UNIT 12.10 Purification of Sequence-Specific DNA-Binding Proteins by Affinity Chromatography

  1. Leslie A. Kerrigan,
  2. James T. Kadonaga

Published Online: 1 MAY 2001

DOI: 10.1002/0471142727.mb1210s24

Current Protocols in Molecular Biology

Current Protocols in Molecular Biology

How to Cite

Kerrigan, L. A. and Kadonaga, J. T. 2001. Purification of Sequence-Specific DNA-Binding Proteins by Affinity Chromatography. Current Protocols in Molecular Biology. 24:12.10:12.10.1–12.10.18.

Author Information

  1. University of California San Diego, La Jolla, California

Publication History

  1. Published Online: 1 MAY 2001
  2. Published Print: OCT 1993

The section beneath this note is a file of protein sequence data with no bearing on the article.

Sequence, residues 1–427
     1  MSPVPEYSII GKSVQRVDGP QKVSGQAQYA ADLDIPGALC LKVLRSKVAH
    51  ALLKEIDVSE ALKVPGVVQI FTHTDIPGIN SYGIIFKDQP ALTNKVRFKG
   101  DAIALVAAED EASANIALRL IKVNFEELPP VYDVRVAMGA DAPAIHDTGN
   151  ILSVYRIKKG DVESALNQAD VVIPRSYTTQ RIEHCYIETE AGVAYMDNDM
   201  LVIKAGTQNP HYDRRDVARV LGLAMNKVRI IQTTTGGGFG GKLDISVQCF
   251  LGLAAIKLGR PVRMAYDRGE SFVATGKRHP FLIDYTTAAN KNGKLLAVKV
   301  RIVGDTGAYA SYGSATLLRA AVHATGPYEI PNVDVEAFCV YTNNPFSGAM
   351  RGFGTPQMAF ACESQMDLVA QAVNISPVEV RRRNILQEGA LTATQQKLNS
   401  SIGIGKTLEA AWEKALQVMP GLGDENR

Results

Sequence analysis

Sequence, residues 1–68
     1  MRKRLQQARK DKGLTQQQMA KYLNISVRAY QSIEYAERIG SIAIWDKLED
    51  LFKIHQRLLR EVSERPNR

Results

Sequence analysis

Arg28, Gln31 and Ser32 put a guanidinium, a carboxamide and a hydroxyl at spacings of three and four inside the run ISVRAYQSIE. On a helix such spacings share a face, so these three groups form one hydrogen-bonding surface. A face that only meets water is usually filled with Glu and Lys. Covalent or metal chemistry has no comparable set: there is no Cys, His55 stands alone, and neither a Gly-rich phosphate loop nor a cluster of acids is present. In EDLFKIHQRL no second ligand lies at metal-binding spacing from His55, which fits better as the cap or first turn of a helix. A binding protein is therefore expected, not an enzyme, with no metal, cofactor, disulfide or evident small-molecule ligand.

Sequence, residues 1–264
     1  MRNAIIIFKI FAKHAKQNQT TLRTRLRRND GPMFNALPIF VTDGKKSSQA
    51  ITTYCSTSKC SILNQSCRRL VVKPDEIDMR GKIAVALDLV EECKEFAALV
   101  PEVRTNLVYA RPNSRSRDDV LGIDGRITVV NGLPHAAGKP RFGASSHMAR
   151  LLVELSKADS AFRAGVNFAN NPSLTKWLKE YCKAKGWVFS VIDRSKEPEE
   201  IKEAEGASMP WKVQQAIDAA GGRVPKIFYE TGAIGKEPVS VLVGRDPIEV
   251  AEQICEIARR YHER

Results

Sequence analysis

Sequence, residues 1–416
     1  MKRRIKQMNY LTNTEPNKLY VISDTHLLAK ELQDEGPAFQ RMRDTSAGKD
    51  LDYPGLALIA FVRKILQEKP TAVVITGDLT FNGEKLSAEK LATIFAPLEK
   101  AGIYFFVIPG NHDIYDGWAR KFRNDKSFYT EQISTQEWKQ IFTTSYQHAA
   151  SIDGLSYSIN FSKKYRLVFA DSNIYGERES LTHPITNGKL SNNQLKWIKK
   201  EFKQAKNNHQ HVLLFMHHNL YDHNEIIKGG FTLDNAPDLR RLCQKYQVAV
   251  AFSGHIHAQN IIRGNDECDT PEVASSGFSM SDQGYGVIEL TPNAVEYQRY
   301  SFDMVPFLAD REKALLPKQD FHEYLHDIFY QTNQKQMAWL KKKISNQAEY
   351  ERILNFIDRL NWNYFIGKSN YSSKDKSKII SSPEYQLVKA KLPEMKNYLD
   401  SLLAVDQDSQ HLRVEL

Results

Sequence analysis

Affinity chromatography is a very effective and straightforward means of purifying a protein based on its sequence-specific DNA-binding properties. The affinity chromatography procedure described in this unit uses DNA containing specific recognition sites for the desired protein that has been covalently linked to a solid support. The first basic protocol describes preparation of a DNA affinity resin, including cyanogen bromide (CNBr) activation of the agarose support. An Alternate Protocol provides a method to couple DNA to commercially available CNBr-activated Sepharose, and a support protocol describes how to purify crude synthetic oligonucleotides by gel electrophoresis prior to preparation of the affinity resin. The second basic protocol outlines the affinity chromatography procedure. A second support protocol describes determination of the appropriate type and quantity of nonspecific competitor DNA that should be used in the procedure and its preparation. Parameters essential to the success of an affinity chromatography experiment are discussed in detail in the Commentary.